Tone Splitting

Because I’m working on a limited workstation/software this week, I’ve selected a fun topic that requires little explanation if your processing software does it for you, but if done manually in Photo Shop can be quite complex.  It’s called “tone splitting” and what you’re doing is simply changing the tones/color of certain color channels for a certain effect.

Tone Splitting

Images from digital cameras are in color.  With film you can select black and white or color film/transparencies.  Most people don’t realize that black and white emulsions (film) have much more resolution than does color film, and carry tones very well.  Color film has roughly 1/3 the resolution of black and white film.  Digital images are all in color with the exception of certain Kodak SLRs made 4-6 years ago which were special purpose cameras.

Tone Splitting

Tone Splitting

To achieve black and white, sepia, or any of the many “toned” images we manipulate the image data in a process called “tone splitting” which is a simple alteration of the color channels.  Unfortunately digital color images and digital black and white images have the same resolution.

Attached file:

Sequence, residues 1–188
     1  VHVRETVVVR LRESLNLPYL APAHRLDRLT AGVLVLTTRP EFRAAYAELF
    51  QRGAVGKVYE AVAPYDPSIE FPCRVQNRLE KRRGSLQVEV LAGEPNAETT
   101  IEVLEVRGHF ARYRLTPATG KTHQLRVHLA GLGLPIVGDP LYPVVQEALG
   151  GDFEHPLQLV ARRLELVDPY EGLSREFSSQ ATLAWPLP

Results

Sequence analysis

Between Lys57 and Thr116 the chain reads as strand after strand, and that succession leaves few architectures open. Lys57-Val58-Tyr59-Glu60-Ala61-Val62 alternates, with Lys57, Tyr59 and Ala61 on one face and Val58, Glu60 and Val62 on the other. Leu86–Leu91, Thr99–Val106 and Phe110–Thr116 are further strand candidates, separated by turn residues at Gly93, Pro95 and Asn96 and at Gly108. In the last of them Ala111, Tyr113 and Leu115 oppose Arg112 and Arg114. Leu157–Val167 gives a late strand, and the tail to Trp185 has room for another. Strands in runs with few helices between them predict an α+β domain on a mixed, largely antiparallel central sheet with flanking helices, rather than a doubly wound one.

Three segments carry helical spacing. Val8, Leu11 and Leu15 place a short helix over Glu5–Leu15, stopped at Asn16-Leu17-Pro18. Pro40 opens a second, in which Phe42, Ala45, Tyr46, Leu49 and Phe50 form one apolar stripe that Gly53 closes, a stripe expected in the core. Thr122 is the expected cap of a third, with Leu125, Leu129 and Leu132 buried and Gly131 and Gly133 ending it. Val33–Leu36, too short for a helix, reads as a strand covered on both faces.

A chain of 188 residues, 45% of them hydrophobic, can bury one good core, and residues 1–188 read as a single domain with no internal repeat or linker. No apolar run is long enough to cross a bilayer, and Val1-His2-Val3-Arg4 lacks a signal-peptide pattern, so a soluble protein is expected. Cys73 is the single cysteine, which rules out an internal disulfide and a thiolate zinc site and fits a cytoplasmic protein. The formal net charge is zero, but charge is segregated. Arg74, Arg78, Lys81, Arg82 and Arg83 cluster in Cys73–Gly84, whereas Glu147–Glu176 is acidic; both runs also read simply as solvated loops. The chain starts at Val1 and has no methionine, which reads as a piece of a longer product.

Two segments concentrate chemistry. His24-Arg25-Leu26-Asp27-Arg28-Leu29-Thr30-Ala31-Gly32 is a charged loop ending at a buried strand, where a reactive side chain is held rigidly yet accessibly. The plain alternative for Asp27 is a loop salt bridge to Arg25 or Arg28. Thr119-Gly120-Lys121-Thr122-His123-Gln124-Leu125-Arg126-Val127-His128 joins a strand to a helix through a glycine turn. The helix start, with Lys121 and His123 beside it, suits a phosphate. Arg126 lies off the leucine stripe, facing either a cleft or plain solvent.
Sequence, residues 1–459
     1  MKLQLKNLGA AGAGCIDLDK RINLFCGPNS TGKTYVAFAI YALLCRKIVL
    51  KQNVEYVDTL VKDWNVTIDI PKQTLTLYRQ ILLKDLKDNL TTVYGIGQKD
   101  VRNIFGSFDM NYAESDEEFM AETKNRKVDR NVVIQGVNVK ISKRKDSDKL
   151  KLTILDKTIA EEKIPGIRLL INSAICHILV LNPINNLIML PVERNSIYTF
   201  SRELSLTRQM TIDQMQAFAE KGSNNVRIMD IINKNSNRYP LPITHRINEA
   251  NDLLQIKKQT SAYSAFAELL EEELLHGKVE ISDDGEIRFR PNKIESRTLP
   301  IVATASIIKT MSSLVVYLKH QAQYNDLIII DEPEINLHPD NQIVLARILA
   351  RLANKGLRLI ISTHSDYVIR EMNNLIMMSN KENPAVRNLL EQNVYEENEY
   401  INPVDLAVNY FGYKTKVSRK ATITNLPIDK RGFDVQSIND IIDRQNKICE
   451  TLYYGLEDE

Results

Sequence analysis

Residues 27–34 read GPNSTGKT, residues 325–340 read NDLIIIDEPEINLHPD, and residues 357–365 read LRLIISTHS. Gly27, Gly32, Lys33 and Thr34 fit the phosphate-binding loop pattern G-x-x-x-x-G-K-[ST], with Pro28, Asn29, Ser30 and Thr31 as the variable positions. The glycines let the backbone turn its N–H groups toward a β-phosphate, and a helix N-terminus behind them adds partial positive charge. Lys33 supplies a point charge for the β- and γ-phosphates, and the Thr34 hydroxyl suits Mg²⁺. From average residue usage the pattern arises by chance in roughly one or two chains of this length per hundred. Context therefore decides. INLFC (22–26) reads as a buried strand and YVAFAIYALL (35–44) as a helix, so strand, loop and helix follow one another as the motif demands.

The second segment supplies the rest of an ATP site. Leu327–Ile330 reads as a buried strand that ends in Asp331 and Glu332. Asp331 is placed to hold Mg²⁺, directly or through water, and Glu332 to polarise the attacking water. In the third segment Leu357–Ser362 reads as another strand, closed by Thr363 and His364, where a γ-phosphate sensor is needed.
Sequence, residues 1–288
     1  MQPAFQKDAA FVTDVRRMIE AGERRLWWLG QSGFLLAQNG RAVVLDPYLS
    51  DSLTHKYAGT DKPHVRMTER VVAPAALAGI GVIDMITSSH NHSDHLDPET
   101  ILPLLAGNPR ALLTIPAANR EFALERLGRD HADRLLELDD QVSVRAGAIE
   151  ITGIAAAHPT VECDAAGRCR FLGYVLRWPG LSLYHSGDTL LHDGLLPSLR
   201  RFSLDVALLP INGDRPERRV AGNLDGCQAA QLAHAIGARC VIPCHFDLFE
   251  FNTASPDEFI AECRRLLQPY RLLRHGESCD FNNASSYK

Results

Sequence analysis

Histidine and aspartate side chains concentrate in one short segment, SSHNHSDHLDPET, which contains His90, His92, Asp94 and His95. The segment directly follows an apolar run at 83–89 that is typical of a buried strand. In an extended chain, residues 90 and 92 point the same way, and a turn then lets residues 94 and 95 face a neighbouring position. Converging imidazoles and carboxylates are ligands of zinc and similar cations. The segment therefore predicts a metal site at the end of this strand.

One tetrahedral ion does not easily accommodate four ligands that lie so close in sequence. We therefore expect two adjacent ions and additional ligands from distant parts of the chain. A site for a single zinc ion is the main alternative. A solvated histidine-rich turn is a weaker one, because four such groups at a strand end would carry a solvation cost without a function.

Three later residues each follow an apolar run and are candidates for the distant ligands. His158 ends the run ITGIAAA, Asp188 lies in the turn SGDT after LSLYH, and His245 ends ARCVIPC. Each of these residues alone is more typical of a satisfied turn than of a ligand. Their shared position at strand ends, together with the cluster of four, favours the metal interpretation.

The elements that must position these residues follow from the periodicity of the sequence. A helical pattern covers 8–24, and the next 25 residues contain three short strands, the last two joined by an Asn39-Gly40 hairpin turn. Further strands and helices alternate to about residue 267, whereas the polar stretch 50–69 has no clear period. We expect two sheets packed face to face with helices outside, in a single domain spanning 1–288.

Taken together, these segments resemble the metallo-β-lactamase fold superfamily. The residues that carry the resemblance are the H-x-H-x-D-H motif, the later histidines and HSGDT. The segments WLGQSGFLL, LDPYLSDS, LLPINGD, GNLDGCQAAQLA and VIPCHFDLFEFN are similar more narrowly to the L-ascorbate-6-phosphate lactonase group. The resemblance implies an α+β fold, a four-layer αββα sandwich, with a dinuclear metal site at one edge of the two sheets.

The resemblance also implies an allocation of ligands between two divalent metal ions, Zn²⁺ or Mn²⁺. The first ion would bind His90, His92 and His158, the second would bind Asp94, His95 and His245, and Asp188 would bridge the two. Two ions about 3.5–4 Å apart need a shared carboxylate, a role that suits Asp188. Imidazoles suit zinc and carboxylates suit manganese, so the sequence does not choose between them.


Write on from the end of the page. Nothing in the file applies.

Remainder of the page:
Tone Splitting

Most image processing software has settings to turn your image to black and white or sepia.  Some have many other pre-sets that allow different effects/tones, and some like Lightroom allow you to generate/customize a certain tone and then save those settings as a preset to use at another time.

Tone Splitting

In Photoshop there are two common methods for generating black and white images.  You can either take the color slider and de-saturate the colors until all you have left is blacks, whites and grays, or you can use the “gradient” feature which offers far more preservation of tones and contrasts and is the preferred method.

Tone Splitting

All of the sample photos have been toned to present an “aged” look, a look common with silver emulsion plates used over a 100 years ago.  tone splitting images can be a lot of fun and done properly are very popular for weddings (a whitish sepia) and black and white images are still as appealing as ever.  Give it a try!

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